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Tang, "Environmental protection and democratization: Pollution control, and local self-governance in Taiwan," 1998

USC dissertation in Political Science.
August 24, 2009

Ching-Ping Tang, Ph.D

Abstract (Summary)

Democratization, in theory, may create both positive and negative impacts on a country's environmental protection. Yet most empirical studies have shown democratic regimes as having superior environmental records than authoritarian ones. This dissertation further explores such superiority by examining how political and institutional changes during democratization in Taiwan have affected local enforcement of national environmental regulations.

The study examines the responses of six local jurisdictions--Taipei County, Hsin-chu City, Tai-chung County, Chia-yi County, Kee-long City, and Kao-hsiung Municipality--to a new national policy in 1996 that urged local jurisdictions to adopt a less adversarial approach to pollution regulation enforcement. As shown by statistics on air and water pollution control enforcement, the first three jurisdictions have increased their pollution fines in the following year, seemingly in contradiction to the national policy. The later three jurisdictions have drastically reduced their pollution fines, seemingly in compliance with the national policy. These two groups of local jurisdictions are compared with reference to several institutional political and socio-economic factors that may affect policy implementation, regulatory enforcement, and administrative control. Special attention is given to how democratization has shaped these various factors.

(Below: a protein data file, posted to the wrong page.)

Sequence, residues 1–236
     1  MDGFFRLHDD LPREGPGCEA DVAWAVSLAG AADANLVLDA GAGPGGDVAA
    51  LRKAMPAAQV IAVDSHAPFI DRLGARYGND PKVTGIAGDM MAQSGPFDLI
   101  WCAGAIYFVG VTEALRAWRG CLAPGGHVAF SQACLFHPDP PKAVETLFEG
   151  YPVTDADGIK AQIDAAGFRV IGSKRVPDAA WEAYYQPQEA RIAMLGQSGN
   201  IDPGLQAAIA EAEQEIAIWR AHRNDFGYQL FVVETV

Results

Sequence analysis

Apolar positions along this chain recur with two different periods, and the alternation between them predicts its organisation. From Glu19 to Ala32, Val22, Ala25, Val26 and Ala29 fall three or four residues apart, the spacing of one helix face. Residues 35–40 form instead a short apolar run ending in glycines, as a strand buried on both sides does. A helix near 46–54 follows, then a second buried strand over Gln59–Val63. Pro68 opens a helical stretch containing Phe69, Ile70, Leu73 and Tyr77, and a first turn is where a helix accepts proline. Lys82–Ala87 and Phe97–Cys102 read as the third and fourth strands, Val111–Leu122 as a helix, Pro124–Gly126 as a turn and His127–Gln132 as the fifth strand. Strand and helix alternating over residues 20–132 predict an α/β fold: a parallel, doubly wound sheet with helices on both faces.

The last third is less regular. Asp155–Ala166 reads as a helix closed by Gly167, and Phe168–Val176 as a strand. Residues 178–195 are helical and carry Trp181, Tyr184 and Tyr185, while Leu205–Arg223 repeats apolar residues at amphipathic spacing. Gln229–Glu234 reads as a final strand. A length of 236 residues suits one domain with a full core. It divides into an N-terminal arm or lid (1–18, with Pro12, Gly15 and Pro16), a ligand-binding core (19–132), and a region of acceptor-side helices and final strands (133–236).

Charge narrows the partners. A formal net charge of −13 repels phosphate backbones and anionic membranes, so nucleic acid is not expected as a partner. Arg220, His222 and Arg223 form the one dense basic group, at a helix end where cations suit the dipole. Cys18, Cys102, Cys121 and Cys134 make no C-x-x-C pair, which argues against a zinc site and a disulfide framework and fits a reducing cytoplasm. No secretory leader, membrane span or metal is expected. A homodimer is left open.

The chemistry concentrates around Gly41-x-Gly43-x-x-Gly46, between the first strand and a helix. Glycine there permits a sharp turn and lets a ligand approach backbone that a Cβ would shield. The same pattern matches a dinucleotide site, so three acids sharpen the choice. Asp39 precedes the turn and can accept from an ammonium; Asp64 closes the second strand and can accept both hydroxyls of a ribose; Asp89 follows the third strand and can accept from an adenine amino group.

Several findings are generated from the six-case comparison. First, several factors on the supply side of the local policy process--environmental conscience of local leaders, structures of the local constituency, and career opportunities of local leaders--are found to have major impacts on local enforcement efforts. Second, most socio-economic factors that presumably would generate stronger demands for pollution enforcement are found to have no consistent impact on enforcement efforts. This lack of responsiveness is partly due to an inadequate development of democratic institutions that can help prevent agency capture by special interests. Third, the new democratic environment, nonetheless, has provided additional channels for environmental groups to press their environmental demands. Fourth, the influence of the central government on local jurisdictions has diminished during democratization, thus undermining the ability of the country to deal with environmental problems that are national or regional in scope.

Advisor: Tang, Shui-Yan